There is an old saying in our business that markets climb a wall of worry. When people are saying, “It is time for a correction,” that is usually a sign that we, in fact, are not there yet. When they start saying things like, “This time it is different,” that is when it is time to worry. Yes this rally has come a long way, but it has been backed up by strong corporate results and better economic growth -v GDP growth was just revised up to 3 percent for the second quarter. It has also been prolonged because it has changed complexion. Old leaders peter out and new ones have come to the fore.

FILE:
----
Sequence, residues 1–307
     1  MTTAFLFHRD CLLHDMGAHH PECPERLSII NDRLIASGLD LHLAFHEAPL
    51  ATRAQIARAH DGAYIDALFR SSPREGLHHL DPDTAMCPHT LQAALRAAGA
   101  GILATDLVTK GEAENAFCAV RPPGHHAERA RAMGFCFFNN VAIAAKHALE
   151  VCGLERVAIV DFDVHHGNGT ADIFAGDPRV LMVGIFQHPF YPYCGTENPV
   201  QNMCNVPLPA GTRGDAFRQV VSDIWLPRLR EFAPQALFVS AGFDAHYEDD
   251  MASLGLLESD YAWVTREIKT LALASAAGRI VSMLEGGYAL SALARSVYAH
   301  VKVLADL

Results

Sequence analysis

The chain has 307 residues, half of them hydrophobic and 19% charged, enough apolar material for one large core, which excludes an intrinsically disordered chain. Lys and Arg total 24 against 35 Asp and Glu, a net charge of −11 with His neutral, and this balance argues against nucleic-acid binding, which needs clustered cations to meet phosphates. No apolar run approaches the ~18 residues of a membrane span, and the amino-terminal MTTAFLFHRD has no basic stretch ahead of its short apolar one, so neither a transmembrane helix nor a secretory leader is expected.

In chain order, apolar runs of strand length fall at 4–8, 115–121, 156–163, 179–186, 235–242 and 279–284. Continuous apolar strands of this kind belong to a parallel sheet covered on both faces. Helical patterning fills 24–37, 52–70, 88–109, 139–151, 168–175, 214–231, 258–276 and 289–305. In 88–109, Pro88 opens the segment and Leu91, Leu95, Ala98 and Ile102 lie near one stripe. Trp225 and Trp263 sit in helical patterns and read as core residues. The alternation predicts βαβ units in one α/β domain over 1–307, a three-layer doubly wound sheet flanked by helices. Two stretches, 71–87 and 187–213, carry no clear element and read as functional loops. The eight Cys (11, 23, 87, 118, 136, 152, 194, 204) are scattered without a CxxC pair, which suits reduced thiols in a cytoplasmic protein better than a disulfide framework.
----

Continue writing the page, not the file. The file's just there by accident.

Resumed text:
However, we have come a long way in a short time and it would not be a surprise if we slowed down. Our best guess (others might say forecast, but best guess is more accurate) is that we pause a little longer, then a stimulus comes to push us one way or the other. The most likely thing would be tax reform. If the administration and Congress could actually pull off a package, then the rally is back on. Negative stimuli are always harder to see. (In fact, most of the time no one sees it until after the fact, and then everyone claims that they really did see it. We’ll save that insight for when it happens.)